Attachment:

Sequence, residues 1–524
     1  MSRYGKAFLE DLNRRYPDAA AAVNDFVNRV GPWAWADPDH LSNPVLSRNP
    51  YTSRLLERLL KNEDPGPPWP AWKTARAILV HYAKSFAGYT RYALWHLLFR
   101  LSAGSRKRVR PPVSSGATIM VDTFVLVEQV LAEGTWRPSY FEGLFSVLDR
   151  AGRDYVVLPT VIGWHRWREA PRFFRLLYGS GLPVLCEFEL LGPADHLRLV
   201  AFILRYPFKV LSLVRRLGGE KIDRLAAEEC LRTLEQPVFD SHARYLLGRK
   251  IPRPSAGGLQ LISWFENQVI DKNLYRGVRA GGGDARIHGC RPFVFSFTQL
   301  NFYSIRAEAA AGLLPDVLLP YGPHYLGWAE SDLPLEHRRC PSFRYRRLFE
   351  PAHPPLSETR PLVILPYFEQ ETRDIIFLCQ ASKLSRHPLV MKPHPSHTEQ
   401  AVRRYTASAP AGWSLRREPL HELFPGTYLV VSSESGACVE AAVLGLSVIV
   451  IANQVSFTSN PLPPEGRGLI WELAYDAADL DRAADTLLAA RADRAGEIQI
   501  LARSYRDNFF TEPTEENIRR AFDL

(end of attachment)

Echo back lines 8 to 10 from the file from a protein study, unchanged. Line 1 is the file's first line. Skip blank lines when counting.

   301  NFYSIRAEAA AGLLPDVLLP YGPHYLGWAE SDLPLEHRRC PSFRYRRLFE
   351  PAHPPLSETR PLVILPYFEQ ETRDIIFLCQ ASKLSRHPLV MKPHPSHTEQ
   401  AVRRYTASAP AGWSLRREPL HELFPGTYLV VSSESGACVE AAVLGLSVIV